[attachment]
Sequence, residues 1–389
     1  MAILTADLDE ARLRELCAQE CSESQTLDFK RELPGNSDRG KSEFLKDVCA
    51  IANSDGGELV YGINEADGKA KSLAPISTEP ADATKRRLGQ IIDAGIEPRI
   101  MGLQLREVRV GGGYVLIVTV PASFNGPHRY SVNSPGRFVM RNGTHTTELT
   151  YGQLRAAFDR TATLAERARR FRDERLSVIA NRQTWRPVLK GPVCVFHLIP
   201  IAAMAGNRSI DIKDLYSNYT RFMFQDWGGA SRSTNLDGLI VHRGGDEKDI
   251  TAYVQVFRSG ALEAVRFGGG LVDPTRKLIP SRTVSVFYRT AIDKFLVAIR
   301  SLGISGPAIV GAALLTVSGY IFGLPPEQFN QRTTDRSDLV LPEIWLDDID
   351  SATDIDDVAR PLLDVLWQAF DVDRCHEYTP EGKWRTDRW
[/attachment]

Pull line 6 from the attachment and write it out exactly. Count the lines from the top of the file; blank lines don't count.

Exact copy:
   201  IAAMAGNRSI DIKDLYSNYT RFMFQDWGGA SRSTNLDGLI VHRGGDEKDI